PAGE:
New partner in CCC: The Royal School of Library and Information Science – University of Copenhagen

Forward this page to a friend Resize Print Bookmark and Share

Centre for Communication and Computing > News > New partner in CCC

15 November 2012

New partner in CCC: The Royal School of Library and Information Science

Although the official approval is still pending, it is very likely that The Royal School of Library and Information Science (RSLIS) will merge with the University of Copenhagen at the beginning of the new year. RSLIS will become a department at the Faculty of Humanities and a partner in CCC. In this interview, Per Hasle, Rector of RSLIS, expresses his enthusiasm about the merger. 
 
Per Hasle recognizes the close parallels between CCC and RSLIS, and this explains his high expectations for RSLIS’s future collaboration with the other partners of the Centre: he is confident that there are excellent opportunities for synergy between CCC and RSLIS.

Why a merger at all?

After having struggled for a while, RSLIS has successfully been renewed and rebranded. The institution is no longer connected to only the library system, and many graduates are able to find work in the world of IT.

Per Hasle

Per Hasle

Obviously Per Hasle is pleased, but he is also aware of the need to think ahead, We have made a complete turnaround! Since 2009, RSLIS has experienced a 100 % increase in applicants. The merger talks were carried out amidst this wave of success, but it is important to remain prudent: RSLIS is a small institution, and we will profit from being able to offer a bigger range of courses and becoming a part of a bigger research community.

Parallels and differences

Per Hasle recognizes the close similarities between CCC and RSLIS, CCC is interdisciplinary – and based on a humanistic-communication theory component, on the one hand, and a component of computer science, on the other hand. RSLIS has a similar built-in interdisciplinary dichotomy with two components: one humanistic-social-science component, on the one hand – that is what we call cultural communication – and an information science component on the other hand. A further parallel between CCC and RSLIS is the fact that none of us want the two components to exist in isolation; it is vitally important to make them work together. 

Despite the close similarities, Per Hasle does identify certain differences, Information science has a kinship to computer science, but it is not computer science. In the same way, cultural communication shares a certain kinship with communication studies, but it is not a part of this field. That is exactly why I see CCC and RSLIS as being wonderfully complementary.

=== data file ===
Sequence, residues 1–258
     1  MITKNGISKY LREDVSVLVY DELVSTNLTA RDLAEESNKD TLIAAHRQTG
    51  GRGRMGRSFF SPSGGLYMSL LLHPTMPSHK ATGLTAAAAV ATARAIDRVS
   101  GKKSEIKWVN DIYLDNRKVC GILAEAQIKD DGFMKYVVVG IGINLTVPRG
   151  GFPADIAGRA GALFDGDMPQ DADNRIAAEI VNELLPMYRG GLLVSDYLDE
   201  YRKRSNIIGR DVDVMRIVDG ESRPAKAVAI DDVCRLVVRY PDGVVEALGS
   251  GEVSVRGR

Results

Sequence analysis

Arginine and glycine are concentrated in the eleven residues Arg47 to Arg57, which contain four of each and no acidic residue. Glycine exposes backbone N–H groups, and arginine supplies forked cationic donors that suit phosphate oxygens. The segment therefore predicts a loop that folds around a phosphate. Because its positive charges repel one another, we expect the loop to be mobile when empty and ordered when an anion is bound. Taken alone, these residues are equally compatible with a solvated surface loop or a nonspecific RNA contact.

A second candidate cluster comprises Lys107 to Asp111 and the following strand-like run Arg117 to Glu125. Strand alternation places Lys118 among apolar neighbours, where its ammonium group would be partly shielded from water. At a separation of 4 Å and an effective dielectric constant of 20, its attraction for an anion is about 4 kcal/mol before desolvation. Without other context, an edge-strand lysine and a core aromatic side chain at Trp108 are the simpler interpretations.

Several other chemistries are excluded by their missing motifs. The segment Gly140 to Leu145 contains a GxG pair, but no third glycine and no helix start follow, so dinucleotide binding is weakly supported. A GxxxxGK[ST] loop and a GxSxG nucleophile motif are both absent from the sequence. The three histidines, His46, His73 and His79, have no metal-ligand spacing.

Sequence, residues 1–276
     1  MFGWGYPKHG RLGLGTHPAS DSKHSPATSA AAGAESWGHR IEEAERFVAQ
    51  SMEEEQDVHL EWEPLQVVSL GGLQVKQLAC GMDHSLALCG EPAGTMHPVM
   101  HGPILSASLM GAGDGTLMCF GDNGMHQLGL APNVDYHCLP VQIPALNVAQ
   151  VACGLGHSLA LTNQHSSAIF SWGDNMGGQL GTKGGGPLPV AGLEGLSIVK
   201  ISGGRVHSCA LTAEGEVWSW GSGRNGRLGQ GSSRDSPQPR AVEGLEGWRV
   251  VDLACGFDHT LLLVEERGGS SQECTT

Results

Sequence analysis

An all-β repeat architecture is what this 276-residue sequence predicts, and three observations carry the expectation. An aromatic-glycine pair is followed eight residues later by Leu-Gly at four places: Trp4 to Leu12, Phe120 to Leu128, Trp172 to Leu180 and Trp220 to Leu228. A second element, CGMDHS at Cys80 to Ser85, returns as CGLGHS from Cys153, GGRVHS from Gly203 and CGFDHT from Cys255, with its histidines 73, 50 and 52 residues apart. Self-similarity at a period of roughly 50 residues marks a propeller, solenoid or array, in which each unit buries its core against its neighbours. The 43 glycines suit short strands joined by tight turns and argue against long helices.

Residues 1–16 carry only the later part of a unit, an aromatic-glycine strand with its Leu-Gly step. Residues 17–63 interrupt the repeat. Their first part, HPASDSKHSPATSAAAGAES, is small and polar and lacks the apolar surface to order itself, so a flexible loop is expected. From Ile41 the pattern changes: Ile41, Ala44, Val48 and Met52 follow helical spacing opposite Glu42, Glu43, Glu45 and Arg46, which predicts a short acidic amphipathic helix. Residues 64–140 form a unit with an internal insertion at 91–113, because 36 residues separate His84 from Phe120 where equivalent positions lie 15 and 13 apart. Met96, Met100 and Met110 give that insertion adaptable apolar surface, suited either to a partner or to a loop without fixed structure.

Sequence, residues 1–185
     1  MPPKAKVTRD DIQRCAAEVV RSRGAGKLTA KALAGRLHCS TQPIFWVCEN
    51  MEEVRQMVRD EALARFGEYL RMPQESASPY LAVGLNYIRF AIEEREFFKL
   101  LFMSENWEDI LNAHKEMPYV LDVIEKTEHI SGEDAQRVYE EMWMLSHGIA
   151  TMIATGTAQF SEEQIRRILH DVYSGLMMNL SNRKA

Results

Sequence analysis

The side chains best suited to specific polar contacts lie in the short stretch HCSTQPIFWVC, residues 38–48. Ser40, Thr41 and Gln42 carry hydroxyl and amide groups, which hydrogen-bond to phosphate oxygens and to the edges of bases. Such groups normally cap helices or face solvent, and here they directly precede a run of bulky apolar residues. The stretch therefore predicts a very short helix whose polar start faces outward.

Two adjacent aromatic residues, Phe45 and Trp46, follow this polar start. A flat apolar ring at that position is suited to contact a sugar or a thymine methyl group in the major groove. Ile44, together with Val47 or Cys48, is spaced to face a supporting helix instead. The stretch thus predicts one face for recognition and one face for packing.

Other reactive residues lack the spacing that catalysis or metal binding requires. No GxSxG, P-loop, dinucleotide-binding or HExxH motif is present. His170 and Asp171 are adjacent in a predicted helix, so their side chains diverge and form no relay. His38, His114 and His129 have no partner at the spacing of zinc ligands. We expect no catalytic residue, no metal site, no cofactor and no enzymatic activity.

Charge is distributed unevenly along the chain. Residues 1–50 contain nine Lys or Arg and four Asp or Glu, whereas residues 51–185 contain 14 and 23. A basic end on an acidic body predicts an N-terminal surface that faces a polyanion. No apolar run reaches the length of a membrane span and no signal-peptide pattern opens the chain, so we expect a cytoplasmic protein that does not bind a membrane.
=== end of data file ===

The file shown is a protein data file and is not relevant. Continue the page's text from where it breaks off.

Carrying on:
Areas of collaboration

RSLIS, Copenhagen

RSLIS, Copenhagen

According to Per Hasle, RSLIS has a lot to offer in a future collaboration with the other partners. He points out that RSLIS is the one and only big player in Denmark when it comes to information science. He emphasises information behaviour, information architecture, information retrieval, interaction design and information competences as areas where RSLIS has expertise and is capable of approaching issues from a unique angle. 

With regard to educational collaboration, a working group is currently looking into which modules from Communication and IT at UCPH it will make sense to offer as elective modules at RSLIS, and vice versa. Information behaviour, Per Hasle points out, is a good example. Both Information behaviour and communication studies can create a basis for good IT-design, but Information behaviour does it in its own unique way. In this case, it would be an obviously good idea for students from Communication and IT to supplement their studies with courses at RSLIS.

Regarding research, Per Hasle sees many concrete areas for future collaboration. He goes into detail with one of them, Centre for Language Technology and RSLIS both deal with meta data, classification and ontology. Centre for Language Technology examines these areas from a linguistic perspective; we do it from an information science perspective. These areas are obvious fields for joint research – connecting the two approaches will strengthen both the research in itself as well as its operational value.

Soon after the merger has taken place, RSLIS and CCC have planned a workshop to give the researchers an opportunity to present their research to each other – and maybe even lay the foundation for future collaborative research projects.

Per Hasle ends the interview by summing up: I believe CCC and RSLIS will be seeing a lot of each other.
 
Further information: